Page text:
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December 6, 2009 at 1:30 PM

Coaches merry-go-round: Where will top WNBA coaches land?

Washington coach Tia Jackson joked that a few more gray hairs popped up after her team’s close 62-59 win against Central Florida today. It was a game that shouldn’t have been that close given the Huskies led by 15 at halftime. But turnovers — again — dissolved the lead and if it weren’t for a miraculous, old-fashioned three-point play by senior F Sami Whitcomb, Jackson would have aged faster than President Obama.
UW returns this evening with a 3-4 record, splitting in Florida. Yet, all corners still have Jackson needing to do more to preserve her position at Washington. Athletic director Scott Woodward stated prior to the season that she’d basically be given the year. He’s supportive “but not blind.”
That stance hasn’t changed, but the landscape of what could revive Washington has. Very reliable sources said the WNBA was unable to secure new ownership for Sacramento, so that team will dissolve and there will be an expansion draft.
Without a Bay Area prospect, coach John Whisenant is out of a job. He’s interested in the Los Angeles position. The Sparks have a vacancy after Michael Cooper left for Southern California. But another solid source said it’s going to Minnesota coach Jen Gillom, who’s also acting as an assistant for the national team under Geno Auriemma.
An announcement is expected to be made as early as this week.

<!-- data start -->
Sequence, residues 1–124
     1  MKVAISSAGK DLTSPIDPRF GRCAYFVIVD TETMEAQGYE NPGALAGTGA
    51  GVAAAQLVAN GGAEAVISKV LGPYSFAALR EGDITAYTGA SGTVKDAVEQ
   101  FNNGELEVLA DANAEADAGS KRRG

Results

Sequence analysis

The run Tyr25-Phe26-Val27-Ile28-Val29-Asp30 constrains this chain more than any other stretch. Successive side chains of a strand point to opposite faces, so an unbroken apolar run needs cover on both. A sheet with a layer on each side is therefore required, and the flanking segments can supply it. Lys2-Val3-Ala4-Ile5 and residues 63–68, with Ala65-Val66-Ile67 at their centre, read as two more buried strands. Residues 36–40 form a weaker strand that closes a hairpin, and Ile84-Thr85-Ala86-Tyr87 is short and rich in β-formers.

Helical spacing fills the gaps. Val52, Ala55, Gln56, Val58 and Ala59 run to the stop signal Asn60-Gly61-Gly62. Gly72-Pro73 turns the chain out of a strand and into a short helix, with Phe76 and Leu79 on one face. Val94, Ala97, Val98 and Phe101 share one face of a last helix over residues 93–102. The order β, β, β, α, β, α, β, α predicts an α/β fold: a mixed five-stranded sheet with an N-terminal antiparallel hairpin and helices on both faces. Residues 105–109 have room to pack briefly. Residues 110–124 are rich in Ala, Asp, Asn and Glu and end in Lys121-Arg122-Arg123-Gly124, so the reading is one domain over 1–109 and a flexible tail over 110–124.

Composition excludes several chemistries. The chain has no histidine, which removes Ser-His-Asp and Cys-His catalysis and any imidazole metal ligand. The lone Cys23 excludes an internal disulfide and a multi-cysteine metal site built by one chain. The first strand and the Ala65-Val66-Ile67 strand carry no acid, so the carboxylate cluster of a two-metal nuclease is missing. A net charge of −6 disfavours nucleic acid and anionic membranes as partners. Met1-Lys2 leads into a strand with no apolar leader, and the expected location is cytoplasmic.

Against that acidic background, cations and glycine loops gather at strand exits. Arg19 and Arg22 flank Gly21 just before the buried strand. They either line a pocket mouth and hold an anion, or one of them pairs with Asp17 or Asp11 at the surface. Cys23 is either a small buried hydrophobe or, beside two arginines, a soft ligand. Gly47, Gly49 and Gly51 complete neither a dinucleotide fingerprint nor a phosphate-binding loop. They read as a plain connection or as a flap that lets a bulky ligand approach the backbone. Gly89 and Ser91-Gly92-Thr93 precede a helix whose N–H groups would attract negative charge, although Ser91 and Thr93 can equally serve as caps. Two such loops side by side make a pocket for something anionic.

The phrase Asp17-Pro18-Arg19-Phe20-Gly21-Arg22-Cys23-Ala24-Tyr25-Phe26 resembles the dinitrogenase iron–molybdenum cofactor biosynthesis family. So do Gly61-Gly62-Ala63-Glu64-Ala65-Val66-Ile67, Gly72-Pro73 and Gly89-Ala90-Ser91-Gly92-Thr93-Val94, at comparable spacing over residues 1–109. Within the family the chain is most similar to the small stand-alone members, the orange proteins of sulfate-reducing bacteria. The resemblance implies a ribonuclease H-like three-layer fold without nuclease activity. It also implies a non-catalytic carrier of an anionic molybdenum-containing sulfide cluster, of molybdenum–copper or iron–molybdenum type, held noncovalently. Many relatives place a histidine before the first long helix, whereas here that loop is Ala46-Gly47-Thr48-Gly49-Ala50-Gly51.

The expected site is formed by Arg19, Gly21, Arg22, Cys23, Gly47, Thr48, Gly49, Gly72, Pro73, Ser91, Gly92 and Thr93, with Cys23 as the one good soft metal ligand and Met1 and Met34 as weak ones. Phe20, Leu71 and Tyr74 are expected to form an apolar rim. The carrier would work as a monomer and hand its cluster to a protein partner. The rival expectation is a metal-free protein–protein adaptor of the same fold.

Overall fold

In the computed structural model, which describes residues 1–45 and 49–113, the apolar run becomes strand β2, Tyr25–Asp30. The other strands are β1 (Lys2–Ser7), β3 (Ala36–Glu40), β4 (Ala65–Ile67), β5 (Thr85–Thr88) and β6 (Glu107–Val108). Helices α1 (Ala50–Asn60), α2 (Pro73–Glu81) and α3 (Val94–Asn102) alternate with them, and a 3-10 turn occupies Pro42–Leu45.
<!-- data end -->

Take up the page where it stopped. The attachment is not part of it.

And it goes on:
LA assistant coach Marianne Stanley, former Detroit coach Rick Mahorn, and former Sacramento coach Jenny Boucek were also vying for the LA job. So, why it’s going to an unproven coach — Gillom was 14-20 in her first season coach in the WNBA — versus coaches who’ve won championships raises a brow. Aside from the obvious tie between Candace Parker and the Olympic team, of course.
Neither Stanley, Whisenant nor Mahorn are expected to replace Gillom in Minnesota, so where will these top coaches land? Fans are still irked with Jackson. And athletic directors tend to follow each other’s lead, could Washington pick from the WNBA pool?
There’s more work for pro coaches on the college level, but Cooper is performing well despite injuries at USC (4-4) and Paul Westhead, the only coach to win both a WNBA and NBA championship, has Oregon (7-1) mimicking all of his former teams.
Washington is returning from the road with injuries, a theme that hurt them last season. F Lydia Young had surgery on Friday and is done for her career. F Liz lay is day-to-day with knee tendinitis. G Sara Mosiman missed today’s matchup with shin splints. F Laura McLellan will have her knee evaluated this week. And G Kristi Kingma appeared to tweak her ankle.
The injuries have to be considered when evaluating where UW is early in the season. There’s also the past two seasons. Does Woodward continue to be patient when a proven winner is available?
It will be interesting to see. The coaches are qualified and looking for security outside of the shifting WNBA, don’t expect them to be on the sideline long.



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